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HIV Med. 2019 May;20(5):317-329. doi: 10.1111/hiv.12726. Epub 2019 Mar 29.

Depression and all-cause mortality risk in HIV-infected and HIV-uninfected US veterans: a cohort study.

Author information

1
Boston University School of Medicine, Boston, MA, USA.
2
Indiana University School of Medicine, Indianapolis (IUPUI), Indianapolis, IN, USA.
3
Vanderbilt University School of Medicine, Nashville, TN, USA.
4
Indiana University-Purdue University Indianapolis, Indianapolis, IN, USA.
5
VA Connecticut Healthcare System, West Haven, CT, USA.
6
Yale University School of Medicine, New Haven, CT, USA.
7
VA Pittsburgh Healthcare System, Pittsburgh, PA, USA.
8
Weill Cornell Medical College, New York, NY, USA.
9
Weill Cornell Medical College, Doha, Qatar.
10
Hamad Medical Corporation, Doha, Qatar.
11
Emory University School of Medicine and Rollins School of Public Health, Atlanta VA Medical Center, Atlanta, GA, USA.
12
Center for Health Services Research, Institute for Health, Rutgers University, New Brunswick, NJ, USA.
13
Infectious Diseases Section, Michael E. DeBakey VAMC, Houston, TX, USA.
14
Department of Medicine, Baylor College of Medicine, Houston, TX, USA.
15
Los Angeles Biomedical Research Institute at Harbor-University of California, Los Angeles (UCLA), Torrance, CA, USA.
16
Washington DC Veterans Affairs Medical Center and George Washington University School of Medicine and Health Sciences, Washington, DC, USA.
17
University of Pittsburgh School of Medicine, Pittsburgh, PA, USA.
18
VA North Texas Health Care System, Dallas, TX, USA.
19
VA Tennessee Valley Healthcare System, Vanderbilt University School of Medicine, Nashville, TN, USA.

Abstract

OBJECTIVES:

The contribution of depression to mortality in adults with and without HIV infection is unclear. We hypothesized that depression increases mortality risk and that this association is stronger among those with HIV infection.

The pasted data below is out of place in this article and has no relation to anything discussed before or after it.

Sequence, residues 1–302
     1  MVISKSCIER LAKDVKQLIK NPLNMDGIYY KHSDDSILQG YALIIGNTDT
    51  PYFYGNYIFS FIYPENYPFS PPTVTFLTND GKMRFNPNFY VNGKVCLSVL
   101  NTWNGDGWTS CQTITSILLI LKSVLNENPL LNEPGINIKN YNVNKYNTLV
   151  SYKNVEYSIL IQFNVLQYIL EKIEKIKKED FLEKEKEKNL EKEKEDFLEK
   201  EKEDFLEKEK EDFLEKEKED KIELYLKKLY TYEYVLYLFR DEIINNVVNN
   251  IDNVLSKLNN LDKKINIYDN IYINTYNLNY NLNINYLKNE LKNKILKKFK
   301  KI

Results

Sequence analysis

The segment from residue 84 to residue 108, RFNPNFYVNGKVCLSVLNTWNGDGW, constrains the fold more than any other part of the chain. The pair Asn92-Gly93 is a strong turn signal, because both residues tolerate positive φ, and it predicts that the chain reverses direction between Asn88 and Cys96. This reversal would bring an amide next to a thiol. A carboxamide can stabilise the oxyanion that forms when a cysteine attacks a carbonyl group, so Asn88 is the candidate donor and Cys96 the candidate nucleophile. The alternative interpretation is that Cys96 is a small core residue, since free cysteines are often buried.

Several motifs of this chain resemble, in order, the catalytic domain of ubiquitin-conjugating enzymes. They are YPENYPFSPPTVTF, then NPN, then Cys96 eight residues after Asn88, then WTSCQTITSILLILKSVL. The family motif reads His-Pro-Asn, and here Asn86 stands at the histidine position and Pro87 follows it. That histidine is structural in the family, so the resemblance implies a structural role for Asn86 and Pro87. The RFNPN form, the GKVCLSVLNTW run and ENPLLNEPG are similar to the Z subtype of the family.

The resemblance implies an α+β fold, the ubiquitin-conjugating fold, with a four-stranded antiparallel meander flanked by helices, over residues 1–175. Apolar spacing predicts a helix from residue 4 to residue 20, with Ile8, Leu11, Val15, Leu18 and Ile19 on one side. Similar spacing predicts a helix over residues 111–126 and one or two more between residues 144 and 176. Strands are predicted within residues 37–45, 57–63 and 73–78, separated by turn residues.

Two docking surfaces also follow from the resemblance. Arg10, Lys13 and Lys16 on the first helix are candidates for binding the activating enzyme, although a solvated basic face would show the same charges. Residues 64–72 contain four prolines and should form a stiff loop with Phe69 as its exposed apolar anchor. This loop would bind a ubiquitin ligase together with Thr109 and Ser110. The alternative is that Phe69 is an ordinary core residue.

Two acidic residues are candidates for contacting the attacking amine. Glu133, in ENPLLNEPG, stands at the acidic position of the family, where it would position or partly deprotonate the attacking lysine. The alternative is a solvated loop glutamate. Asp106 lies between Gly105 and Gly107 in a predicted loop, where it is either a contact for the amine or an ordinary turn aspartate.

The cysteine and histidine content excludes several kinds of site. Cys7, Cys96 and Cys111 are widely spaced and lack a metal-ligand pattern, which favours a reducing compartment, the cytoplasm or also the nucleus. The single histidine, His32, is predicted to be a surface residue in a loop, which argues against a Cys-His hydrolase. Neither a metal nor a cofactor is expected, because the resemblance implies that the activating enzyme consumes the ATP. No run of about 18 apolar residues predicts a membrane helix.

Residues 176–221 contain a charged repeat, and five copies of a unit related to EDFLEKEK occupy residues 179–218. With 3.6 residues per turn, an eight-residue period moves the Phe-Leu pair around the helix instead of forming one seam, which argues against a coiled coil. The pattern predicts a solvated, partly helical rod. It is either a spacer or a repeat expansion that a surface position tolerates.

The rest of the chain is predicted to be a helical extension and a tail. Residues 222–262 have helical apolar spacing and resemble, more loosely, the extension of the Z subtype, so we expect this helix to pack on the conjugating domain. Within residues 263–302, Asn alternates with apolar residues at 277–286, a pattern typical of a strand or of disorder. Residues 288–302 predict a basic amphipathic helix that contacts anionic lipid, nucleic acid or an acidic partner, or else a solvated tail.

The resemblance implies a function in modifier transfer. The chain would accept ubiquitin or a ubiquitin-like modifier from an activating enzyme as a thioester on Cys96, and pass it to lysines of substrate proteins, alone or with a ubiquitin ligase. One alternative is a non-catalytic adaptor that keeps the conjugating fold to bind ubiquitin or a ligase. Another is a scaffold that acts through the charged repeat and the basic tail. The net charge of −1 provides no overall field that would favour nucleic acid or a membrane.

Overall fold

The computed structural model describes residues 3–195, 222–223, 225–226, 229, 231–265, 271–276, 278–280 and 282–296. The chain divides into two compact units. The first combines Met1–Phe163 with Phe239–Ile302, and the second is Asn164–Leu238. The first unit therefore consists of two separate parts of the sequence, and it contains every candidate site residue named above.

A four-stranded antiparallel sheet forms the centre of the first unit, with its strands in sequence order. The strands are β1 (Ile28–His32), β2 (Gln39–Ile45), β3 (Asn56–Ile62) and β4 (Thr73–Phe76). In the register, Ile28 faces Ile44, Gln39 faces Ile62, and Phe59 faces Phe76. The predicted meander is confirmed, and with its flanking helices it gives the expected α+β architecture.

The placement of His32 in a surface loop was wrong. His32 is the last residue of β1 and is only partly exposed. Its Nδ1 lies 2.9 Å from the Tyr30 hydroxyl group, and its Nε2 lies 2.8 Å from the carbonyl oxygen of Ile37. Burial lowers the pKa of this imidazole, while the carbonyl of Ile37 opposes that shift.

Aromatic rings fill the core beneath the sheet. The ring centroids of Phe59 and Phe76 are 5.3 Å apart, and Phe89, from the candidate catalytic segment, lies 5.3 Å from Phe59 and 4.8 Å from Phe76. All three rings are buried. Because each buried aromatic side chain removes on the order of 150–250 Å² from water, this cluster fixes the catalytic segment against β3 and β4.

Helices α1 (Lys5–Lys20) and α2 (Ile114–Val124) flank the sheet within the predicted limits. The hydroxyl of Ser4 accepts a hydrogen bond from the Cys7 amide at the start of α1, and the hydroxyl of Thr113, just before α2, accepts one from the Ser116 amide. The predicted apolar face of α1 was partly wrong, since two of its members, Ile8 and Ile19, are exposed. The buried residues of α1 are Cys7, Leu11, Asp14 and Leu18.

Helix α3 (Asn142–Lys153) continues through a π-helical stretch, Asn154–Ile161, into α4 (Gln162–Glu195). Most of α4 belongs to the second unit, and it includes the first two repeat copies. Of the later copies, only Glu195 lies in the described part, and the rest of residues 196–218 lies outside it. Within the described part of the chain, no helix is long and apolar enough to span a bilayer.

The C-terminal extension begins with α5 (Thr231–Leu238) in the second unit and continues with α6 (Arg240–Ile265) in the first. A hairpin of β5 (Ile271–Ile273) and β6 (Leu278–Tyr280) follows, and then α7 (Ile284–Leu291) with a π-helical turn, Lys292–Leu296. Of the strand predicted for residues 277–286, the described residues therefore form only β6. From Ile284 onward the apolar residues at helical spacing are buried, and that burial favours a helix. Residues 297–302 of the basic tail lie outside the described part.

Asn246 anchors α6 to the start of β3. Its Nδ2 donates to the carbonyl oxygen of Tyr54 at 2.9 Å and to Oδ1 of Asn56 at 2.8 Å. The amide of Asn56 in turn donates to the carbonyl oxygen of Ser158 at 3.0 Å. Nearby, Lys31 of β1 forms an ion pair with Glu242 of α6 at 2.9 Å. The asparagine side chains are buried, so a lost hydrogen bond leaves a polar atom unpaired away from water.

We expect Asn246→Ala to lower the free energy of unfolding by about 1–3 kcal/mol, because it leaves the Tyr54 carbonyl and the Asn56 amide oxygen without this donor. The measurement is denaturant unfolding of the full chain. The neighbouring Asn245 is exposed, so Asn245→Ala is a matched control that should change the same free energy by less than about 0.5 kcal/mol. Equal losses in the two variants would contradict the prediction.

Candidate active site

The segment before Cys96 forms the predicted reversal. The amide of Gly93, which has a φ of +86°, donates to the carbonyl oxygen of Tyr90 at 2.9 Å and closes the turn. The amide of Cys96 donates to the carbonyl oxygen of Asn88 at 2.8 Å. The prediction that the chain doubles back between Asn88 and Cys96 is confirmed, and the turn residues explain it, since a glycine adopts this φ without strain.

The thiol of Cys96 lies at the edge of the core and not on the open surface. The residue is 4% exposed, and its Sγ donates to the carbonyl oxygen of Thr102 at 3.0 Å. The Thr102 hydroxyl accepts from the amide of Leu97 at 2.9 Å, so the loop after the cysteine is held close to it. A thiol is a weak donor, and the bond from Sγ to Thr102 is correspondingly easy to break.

METHODS:

Veterans Aging Cohort Study (VACS) data were analysed from the first clinic visit on or after 1 April 2003 (baseline) to 30 September 2015. Depression definitions were: (1) major depressive disorder defined using International Classification of Diseases, Ninth Revision (ICD-9) codes; (2) depressive symptoms defined as Patient Health Questionnaire (PHQ)-9 scores ≥ 10. The outcome was all-cause mortality. Covariates were demographics, comorbid conditions and health behaviours.

RESULTS:

Among 129 140 eligible participants, 30% had HIV infection, 16% had a major depressive disorder diagnosis, and 24% died over a median follow-up time of 11 years. The death rate was 25.3 [95% confidence interval (CI) 25.0-25.6] deaths per 1000 person-years. Major depressive disorder was associated with mortality [hazard ratio (HR) 1.04; 95% CI 1.01, 1.07]. This association was modified by HIV status (interaction P-value = 0.02). In HIV-stratified analyses, depression was significantly associated with mortality among HIV-uninfected veterans but not among those with HIV infection. Among those with PHQ-9 data (n = 7372), 50% had HIV infection, 22% had PHQ-9 scores ≥ 10, and 28% died over a median follow-up time of 12 years. The death rate was 27.3 (95% CI 26.1-28.5) per 1000 person-years. Depressive symptoms were associated with mortality (HR 1.16; 95% CI 1.04, 1.28). This association was modified by HIV status (interaction P-value = 0.05). In HIV-stratified analyses, depressive symptoms were significantly associated with mortality among veterans with HIV infection but not among those without HIV infection.

CONCLUSIONS:

Depression was associated with all-cause mortality. This association was modified by HIV status and method of depression ascertainment.

KEYWORDS:

HIV; depression; mortality

PMID:
30924577
PMCID:
PMC6459698
[Available on 2020-05-01]
DOI:
10.1111/hiv.12726

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